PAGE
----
The biggest questions are step #5 and step #9. Let’s take a look at step #5 now: Why they do the player connection check here? If they know they have NAT/firewall problems and you are starting a 6 player game and even if one player has firewall/NAT problem then the whole game session is canceled. And all people automatically “leave the game”. Why wouldn’t they have had used this kind of approach:
- Check the connection in step #3 (when player arrives at the lobby – then you could automatically see if there’s problems with the connection)
- Or, if the connection fails, why do *all* players have to go to step #1? Why wouldn’t they go back to step #3 and have all the players again in the lobby?
Either one of these solutions would have solved the problem. For some reason they haven’t done this.

The smaller problem is in step #9. After people have been defeated the cannot chat anymore and all players go to step #1 after the game. Why chat is disabled? And why don’t they forward all players to step #3 where they could easily take a re-match? Why not let people chat also in the end of the game… and allow people to make a new match with the same people again.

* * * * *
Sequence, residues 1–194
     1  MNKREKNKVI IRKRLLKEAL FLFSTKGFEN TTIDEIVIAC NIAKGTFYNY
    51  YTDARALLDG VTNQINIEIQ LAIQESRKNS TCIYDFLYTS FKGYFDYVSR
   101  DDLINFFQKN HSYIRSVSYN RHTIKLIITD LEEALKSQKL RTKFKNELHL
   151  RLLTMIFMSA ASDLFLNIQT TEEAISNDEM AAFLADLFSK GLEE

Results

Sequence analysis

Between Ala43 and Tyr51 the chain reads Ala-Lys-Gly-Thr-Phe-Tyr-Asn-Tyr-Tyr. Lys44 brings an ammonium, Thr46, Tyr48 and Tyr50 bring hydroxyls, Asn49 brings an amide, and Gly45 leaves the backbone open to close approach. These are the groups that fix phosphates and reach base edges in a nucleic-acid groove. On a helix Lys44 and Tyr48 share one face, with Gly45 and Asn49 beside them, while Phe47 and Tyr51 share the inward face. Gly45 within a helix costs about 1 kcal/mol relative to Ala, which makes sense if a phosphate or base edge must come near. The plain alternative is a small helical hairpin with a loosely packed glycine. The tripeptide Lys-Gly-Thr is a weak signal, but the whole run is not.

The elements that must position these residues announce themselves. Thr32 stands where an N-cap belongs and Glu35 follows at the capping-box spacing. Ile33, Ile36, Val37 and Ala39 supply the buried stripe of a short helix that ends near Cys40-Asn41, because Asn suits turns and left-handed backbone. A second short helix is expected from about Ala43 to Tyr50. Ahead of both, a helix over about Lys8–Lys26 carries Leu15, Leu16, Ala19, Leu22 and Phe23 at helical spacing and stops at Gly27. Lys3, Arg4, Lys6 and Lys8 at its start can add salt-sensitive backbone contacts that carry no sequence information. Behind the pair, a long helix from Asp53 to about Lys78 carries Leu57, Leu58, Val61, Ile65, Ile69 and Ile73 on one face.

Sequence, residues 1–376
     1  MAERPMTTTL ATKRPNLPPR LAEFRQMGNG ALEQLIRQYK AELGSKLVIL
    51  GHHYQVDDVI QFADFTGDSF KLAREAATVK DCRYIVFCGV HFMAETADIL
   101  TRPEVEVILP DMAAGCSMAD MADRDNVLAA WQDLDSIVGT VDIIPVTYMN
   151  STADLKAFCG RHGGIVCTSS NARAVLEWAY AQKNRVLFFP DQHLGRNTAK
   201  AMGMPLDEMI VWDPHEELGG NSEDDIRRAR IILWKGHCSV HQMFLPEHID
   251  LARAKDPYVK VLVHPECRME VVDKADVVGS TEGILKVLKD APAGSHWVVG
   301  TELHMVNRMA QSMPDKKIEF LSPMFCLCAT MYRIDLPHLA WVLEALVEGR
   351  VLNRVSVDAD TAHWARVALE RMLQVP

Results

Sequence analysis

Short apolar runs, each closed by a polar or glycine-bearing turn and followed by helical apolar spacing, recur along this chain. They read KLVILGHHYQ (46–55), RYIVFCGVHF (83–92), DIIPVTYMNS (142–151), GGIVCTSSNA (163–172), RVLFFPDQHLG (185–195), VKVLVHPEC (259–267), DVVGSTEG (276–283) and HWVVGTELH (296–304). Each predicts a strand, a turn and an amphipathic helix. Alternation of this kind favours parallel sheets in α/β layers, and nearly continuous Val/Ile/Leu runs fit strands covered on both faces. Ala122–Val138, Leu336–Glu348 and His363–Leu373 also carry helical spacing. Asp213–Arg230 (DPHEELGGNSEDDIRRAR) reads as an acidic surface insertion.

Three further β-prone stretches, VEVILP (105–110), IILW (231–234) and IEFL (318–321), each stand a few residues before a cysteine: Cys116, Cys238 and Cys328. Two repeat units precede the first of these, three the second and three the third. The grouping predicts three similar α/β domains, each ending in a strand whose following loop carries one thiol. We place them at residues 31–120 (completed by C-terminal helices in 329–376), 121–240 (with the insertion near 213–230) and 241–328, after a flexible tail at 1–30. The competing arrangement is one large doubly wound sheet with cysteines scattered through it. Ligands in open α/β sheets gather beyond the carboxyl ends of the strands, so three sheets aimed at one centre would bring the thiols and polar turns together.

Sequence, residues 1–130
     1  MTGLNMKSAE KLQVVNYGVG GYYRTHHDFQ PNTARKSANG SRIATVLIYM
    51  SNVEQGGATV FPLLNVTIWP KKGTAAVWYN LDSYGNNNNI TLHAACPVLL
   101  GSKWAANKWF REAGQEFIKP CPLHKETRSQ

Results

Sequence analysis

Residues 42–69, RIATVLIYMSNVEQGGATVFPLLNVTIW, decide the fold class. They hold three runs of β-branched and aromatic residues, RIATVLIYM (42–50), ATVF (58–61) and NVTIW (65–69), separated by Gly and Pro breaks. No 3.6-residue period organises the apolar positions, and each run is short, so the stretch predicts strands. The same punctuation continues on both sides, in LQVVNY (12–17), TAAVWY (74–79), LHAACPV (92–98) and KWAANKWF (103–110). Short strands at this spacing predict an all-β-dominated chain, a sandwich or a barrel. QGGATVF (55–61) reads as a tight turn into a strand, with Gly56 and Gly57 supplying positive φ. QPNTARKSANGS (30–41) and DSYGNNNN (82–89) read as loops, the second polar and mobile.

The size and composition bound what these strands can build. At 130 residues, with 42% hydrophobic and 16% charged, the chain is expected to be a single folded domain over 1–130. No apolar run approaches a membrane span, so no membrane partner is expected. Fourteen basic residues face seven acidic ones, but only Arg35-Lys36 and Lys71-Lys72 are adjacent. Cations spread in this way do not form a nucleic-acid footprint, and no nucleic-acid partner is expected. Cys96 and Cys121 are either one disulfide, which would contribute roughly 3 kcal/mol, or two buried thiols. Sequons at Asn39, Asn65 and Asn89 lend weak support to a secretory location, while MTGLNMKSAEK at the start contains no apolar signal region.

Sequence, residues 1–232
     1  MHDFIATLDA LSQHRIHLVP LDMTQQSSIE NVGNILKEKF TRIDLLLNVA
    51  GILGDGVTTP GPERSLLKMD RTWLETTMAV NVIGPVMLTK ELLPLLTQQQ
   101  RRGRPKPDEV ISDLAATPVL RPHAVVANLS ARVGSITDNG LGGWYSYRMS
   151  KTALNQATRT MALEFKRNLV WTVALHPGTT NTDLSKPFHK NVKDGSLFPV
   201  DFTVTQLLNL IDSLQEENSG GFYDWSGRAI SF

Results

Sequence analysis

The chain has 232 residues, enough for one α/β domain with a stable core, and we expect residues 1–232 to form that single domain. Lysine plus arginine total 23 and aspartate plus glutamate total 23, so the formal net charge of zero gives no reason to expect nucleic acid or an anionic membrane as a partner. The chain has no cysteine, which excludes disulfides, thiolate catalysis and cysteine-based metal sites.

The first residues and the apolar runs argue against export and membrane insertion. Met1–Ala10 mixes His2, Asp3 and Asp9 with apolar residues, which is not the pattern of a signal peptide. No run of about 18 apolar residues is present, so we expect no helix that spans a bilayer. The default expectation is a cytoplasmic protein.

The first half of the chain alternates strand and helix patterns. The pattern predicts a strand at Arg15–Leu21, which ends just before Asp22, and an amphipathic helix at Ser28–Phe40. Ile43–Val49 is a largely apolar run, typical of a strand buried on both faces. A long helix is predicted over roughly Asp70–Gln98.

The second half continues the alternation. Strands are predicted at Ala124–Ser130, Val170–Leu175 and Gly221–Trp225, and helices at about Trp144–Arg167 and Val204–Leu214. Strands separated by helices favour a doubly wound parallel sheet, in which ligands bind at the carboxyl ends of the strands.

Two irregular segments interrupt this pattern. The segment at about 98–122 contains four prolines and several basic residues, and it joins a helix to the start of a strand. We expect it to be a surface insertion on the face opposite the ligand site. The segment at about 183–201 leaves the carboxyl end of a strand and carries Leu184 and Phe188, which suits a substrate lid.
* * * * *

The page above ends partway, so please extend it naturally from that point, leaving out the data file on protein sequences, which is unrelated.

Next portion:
These aren’t game play issues but these problems show how it’s important to design all aspects in online multiplayer games. Game play design is not enough, you have to design a smooth game flow as well. We’ll see soon how EA manages to do in BFME2.

13 thoughts on “Designing Smooth Game Flow in Online Multiplayer Games

  1. Pingback: GameProducer.Net » NAT Problems - And a Big Opportunity For Online Multiplayer Games

  2. Funky Monk

    i cant play online at all if i select it, it says cannot connect which pisses me off. Can anyone tell me how to fix that?

    Reply
  3. Juuso - Game Producer Post author

    @Ville: Please let that IP option there. Make it behind some sub menu, but leave it there. Or make damn sure the master server is 100% online and that *every single player* can connect to it.

    @Ken: :)

    Reply
  4. Juuso - Game Producer Post author

    @Rick: Thanks for pointing that out. I must admit what I wrote was bit misleading:
    - I meant that there would be need for *direct connection* (or way to find players without need to use GameSpy…). I edited the text to make sure this is the case.

    It’s true that whether the actual server connection is made P2P or Server-Client has no practical meaning: the point is that players should be able to type direct IP and start gaming without external game listing provider (or that there could be external game finder – like AllSeeingEye – which wouldn’t require gamespy).